West Virginia leads nation in prescription painkiller related deaths, but trails majority of states in electronic prescribing of controlled substances
ARLINGTON, Va. – October 22, 2015 – President Obama announced yesterday, while visiting West Virginia, efforts to fight the nationwide drug crisis by increasing training for care providers prescribing opioids and improved access to treatment facilities for those addicted. This announcement follows the introduction of White House funding for High Intensity Drug Trafficking Areas (HIDTA) program in August, increasing training for law enforcement and first responders addressing heroin and prescription painkiller-related incidents. Local leaders and authorities also announced a partnership to increase access through cooperative purchasing of opioid withdraw medications.
“The drug epidemic this country is facing can only be defeated through collaboration and support from government officials as well as care providers and technology leaders,” said Tom Skelton, Chief Executive Officer of Surescripts, the nation’s largest health information network. “Digitizing the prescription ordering process for controlled substances is a direct step prescribers and pharmacies can take to improve patient safety while preventing fraud and abuse.”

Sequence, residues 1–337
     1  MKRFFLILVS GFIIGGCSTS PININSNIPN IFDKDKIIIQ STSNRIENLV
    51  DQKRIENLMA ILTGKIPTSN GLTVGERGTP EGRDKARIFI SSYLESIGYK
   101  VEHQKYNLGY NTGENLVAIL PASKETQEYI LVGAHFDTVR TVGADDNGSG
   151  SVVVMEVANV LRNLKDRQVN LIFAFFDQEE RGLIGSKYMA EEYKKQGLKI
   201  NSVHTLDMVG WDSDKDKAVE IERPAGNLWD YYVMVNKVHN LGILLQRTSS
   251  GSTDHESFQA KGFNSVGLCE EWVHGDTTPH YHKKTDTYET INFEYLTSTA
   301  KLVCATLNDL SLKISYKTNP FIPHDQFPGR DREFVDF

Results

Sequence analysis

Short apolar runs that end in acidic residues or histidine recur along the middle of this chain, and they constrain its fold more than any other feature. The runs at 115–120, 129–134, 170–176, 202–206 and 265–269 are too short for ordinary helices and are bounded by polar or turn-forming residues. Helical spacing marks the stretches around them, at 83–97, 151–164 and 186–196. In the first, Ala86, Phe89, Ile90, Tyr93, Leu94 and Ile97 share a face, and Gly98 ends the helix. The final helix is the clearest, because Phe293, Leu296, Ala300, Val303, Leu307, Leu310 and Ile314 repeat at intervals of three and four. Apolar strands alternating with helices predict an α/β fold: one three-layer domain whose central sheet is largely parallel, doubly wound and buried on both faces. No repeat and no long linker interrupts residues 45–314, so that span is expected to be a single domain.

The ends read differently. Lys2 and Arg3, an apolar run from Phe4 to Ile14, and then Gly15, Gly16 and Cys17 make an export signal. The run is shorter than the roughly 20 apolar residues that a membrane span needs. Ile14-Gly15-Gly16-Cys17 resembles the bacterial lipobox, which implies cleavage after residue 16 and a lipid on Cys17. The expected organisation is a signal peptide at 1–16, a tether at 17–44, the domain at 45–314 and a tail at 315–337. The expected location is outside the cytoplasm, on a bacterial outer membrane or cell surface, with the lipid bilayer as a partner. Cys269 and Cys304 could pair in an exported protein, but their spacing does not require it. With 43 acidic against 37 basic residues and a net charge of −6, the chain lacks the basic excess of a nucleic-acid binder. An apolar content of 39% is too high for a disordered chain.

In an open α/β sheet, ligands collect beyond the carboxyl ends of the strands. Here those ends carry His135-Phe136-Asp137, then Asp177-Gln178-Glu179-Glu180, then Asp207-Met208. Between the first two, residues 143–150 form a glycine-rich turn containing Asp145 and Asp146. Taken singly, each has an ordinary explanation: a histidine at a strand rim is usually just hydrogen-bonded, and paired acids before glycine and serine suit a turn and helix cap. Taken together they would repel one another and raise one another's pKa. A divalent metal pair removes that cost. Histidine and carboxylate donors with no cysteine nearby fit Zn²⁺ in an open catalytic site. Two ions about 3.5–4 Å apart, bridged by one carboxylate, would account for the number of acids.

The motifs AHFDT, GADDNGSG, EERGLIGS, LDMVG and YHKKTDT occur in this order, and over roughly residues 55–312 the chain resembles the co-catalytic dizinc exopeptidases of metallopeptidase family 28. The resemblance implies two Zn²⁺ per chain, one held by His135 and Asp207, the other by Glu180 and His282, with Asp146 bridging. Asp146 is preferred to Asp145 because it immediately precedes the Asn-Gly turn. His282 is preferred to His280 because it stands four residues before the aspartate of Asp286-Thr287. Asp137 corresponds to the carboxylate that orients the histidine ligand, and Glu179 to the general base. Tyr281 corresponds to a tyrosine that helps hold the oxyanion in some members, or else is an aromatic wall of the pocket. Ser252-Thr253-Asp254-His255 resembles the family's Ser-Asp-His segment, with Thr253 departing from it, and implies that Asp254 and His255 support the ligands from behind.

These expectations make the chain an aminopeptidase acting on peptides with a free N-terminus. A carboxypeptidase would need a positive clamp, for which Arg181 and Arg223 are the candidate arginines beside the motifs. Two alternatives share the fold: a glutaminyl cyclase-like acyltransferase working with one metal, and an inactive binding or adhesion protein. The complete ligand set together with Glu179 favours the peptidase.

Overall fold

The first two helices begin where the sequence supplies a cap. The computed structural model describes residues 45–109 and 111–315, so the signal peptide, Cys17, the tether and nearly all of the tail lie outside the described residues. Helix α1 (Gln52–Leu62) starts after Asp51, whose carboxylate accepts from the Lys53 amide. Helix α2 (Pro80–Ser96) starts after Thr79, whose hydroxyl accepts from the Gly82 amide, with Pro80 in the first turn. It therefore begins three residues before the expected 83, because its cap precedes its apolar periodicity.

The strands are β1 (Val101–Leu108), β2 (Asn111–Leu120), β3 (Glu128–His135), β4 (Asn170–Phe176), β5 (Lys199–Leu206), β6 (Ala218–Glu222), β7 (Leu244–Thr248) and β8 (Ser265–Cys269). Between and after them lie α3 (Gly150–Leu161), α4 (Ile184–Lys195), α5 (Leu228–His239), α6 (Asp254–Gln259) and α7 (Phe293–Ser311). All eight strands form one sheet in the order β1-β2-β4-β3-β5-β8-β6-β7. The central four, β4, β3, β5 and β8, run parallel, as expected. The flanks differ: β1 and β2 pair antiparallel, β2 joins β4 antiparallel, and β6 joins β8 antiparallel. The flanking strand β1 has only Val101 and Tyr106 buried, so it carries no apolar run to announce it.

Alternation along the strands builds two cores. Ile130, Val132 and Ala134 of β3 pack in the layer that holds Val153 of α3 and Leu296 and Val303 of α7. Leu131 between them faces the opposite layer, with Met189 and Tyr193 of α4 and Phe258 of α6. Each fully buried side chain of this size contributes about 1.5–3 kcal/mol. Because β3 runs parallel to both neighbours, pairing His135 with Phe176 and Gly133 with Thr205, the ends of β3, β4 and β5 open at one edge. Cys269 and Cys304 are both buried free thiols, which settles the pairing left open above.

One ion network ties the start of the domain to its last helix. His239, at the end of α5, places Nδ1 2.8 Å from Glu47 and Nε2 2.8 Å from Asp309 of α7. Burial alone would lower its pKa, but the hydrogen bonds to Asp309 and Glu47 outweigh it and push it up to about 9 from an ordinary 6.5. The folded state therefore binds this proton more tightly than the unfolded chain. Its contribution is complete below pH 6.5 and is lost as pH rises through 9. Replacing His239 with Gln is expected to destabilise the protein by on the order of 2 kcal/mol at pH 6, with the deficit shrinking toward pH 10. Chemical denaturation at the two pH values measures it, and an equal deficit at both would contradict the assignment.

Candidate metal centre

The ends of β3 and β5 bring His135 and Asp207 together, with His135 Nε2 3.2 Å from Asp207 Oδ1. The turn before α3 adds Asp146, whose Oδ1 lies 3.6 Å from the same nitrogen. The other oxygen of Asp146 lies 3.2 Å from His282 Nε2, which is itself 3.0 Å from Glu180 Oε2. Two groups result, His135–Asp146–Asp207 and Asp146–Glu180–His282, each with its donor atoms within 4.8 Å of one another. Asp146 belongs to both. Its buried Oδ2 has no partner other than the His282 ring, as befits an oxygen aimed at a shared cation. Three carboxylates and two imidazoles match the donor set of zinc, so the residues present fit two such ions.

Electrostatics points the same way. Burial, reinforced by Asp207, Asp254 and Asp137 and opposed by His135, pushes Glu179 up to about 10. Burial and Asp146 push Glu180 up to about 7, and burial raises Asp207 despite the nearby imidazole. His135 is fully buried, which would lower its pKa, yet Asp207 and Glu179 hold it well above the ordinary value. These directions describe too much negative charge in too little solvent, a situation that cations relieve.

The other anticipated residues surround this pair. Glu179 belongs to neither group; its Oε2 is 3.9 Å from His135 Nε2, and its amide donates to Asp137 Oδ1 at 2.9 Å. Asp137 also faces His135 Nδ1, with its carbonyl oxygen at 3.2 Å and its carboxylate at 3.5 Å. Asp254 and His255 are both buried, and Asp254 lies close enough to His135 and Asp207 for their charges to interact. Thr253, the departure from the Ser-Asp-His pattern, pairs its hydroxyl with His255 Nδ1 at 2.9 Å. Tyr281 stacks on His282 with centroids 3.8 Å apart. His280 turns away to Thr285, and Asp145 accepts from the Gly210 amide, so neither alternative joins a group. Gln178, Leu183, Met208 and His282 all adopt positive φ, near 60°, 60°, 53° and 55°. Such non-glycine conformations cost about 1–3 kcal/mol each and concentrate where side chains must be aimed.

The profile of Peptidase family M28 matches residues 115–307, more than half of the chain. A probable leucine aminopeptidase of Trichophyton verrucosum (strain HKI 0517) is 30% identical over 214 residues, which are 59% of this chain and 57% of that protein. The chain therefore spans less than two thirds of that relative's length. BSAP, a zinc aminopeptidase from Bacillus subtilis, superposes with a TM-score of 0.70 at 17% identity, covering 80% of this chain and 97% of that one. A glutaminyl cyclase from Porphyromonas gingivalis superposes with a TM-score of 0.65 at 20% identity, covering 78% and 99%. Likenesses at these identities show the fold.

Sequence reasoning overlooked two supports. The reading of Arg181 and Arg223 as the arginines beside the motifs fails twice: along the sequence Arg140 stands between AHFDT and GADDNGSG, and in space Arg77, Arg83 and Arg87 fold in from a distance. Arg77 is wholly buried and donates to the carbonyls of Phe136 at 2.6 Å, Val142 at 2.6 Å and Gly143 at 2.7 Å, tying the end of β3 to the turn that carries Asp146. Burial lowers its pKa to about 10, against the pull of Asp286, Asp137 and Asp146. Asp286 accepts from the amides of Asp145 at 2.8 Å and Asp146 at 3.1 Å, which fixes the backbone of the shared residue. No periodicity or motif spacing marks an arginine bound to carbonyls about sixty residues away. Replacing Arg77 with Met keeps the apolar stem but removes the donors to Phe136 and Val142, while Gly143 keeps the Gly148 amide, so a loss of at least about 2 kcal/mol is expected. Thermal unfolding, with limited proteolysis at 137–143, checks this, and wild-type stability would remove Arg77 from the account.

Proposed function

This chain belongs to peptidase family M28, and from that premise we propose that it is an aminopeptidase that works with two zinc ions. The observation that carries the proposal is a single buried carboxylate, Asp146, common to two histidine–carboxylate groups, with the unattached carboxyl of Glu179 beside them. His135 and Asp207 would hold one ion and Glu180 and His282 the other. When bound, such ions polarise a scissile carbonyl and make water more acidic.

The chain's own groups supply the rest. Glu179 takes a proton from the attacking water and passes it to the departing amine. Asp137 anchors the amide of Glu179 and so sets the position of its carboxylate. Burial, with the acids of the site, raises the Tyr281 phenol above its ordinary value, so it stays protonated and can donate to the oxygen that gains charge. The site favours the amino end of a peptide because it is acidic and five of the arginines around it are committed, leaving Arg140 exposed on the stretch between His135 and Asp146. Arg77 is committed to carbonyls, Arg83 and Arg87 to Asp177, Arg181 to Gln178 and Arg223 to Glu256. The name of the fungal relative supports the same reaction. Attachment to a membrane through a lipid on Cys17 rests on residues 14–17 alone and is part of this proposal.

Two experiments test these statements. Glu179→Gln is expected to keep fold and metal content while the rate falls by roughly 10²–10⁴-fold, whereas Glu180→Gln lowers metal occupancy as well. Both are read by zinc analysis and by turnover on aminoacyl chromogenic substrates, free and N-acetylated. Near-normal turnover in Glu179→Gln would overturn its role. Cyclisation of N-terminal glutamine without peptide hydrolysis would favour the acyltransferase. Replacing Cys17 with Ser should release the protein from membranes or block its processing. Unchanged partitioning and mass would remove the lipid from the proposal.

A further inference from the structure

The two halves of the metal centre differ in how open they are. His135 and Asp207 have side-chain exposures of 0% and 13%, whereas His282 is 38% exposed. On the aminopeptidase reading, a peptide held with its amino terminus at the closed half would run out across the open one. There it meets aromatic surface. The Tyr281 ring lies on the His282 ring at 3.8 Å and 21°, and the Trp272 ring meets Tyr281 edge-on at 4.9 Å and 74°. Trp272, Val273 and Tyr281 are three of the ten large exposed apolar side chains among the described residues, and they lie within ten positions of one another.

According to the Centers for Disease Control and Prevention, West Virginia has the highest death rate from prescription painkiller overdoses in the United States (414 prescription painkiller related deaths in 2013) and is taking extra measures to respond to the plague of abuse, requiring additional training for prescribers of opioids. However, more can be done through the use of technology. Electronic prescribing of controlled substances (EPCS) was legalized in West Virginia in 2010, but today less than one percent of prescribers and only 74 percent of pharmacies in the state are enabled to use the technology, ranking 37th in terms of readiness to e-prescribe controlled substances. West Virginia trails the national average of less than three percent of prescribers and just under 95 percent of pharmacies EPCS enabled.
As of this year, EPCS is legal in all 50 states and Washington, D.C. but more education is needed to drive adoption and utilization nationwide. Surescripts created an online resource available to physicians outlining the steps they need to take to begin using EPCS. The website (www.getEPCS.com) lists actions physicians must take, offering easy to follow guidance on assessing the certification status of electronic health records software, obtaining identity proofing and signing credentials, and setting access controls.
Surescripts is committed to unleashing the potential of American healthcare by creating a more connected and collaborative healthcare system. Our nationwide health information network connects doctor’s offices, hospitals, pharmacists, and health plans through an integrated and technology neutral platform. For more information, go to www.surescripts.com and follow us at twitter.com/surescripts.